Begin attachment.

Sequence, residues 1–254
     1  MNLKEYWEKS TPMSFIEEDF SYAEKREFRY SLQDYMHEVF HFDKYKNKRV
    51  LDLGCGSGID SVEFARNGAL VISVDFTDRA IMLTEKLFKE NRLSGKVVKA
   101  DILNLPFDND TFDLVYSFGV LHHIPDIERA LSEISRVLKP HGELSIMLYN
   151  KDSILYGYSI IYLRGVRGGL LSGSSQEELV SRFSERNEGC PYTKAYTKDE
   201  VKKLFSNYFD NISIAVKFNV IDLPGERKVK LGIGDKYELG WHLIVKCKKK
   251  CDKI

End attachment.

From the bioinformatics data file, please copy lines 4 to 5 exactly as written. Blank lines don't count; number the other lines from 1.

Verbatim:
   101  DILNLPFDND TFDLVYSFGV LHHIPDIERA LSEISRVLKP HGELSIMLYN
   151  KDSILYGYSI IYLRGVRGGL LSGSSQEELV SRFSERNEGC PYTKAYTKDE